And I’m not just talking about Sunday School. There is so much more that could be done. We did VBS for a few years and it provided a Christian education programme during the summer. But we didn’t have one last year. Why? Because, for various reasons, the people who had been providing leadership were not longer able to do that. That’s not to cast blame anywhere. But it is to face reality. If we had someone in place to look after those programmes, they would be far more likely to happen.

So, our first reality is that our volunteer leadership is getting tired. The second reality is that the demographics of Cottam are changing. When I look around this community, do you know what I see? I see a community in transition. I will never forget the first year we moved here in 2004. We went out trick or treating on Hallowe’en and the streets were crowded with kids. Hill St. was wall to wall costumes. It seemed like there were hundreds of children everywhere. But seven or eight years later, all the kids had grown up and on Hallowe’en you could shoot a cannon down Hill St. and not be too worried about hitting anyone.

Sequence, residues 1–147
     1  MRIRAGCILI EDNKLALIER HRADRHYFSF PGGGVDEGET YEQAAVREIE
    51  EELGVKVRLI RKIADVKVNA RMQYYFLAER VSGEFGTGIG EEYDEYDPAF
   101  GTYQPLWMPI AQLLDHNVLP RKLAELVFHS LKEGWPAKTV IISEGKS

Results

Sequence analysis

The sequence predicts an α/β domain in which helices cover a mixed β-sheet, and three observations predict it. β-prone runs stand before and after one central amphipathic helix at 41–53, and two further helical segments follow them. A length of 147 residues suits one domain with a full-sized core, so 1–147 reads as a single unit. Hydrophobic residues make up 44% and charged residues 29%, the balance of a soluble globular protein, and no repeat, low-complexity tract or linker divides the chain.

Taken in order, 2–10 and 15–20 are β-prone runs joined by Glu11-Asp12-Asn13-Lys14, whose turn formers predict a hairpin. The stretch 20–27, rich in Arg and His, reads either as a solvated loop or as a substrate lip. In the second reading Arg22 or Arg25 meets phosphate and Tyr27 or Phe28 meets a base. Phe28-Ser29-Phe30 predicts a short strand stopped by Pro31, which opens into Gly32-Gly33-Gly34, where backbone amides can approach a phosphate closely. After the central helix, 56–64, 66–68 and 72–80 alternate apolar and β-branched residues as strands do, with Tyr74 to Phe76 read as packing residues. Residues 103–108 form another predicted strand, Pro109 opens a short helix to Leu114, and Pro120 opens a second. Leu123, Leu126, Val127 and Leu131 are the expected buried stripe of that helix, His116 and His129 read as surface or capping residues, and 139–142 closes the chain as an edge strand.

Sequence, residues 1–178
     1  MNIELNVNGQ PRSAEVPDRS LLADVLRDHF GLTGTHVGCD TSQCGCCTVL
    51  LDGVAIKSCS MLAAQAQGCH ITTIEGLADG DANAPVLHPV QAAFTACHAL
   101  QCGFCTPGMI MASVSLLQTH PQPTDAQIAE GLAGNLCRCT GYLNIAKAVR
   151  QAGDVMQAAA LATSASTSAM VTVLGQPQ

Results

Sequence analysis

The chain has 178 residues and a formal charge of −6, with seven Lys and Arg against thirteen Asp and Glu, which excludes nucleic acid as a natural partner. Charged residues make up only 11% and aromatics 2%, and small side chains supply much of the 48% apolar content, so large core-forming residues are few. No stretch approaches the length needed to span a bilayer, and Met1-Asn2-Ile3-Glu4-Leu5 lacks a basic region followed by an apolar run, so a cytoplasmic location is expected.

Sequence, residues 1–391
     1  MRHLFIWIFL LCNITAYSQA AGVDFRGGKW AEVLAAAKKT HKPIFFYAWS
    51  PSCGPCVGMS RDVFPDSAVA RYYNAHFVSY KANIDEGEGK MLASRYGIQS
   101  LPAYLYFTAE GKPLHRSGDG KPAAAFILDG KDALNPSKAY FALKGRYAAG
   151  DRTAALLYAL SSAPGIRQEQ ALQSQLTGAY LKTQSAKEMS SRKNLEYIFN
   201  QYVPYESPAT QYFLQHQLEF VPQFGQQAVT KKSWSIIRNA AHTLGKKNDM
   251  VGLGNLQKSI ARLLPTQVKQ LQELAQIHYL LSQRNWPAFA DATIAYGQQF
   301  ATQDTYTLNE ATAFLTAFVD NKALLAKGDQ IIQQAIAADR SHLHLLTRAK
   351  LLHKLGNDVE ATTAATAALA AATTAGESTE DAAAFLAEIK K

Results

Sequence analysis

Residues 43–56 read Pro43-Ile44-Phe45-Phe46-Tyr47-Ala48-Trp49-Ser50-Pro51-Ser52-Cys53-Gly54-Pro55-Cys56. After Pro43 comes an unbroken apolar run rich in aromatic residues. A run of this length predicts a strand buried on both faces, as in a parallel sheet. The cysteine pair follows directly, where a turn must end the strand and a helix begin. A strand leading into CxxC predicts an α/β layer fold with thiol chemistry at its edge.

But it’s transforming again. Many of those houses in the newer subdivisions are changing hands. Younger families are starting to move in again. Right now, also, there is room for about twenty new homes to be built on Joanie Lane. “Where’s Joanie Lane?” you might ask. It’s the brand new street in Cottam over beside the solar panels just east of Belle River Road. And that might just be the beginning. That new sewage system that we’ve all been paying for allows for hundreds of new homes to built. Cottam is going to get bigger and Cottam is going to get younger. And we need to start planning for that now as we seek to minister in the changing demographics of this community. That’s because if we don’t meet those needs, you can be sure that some other church will.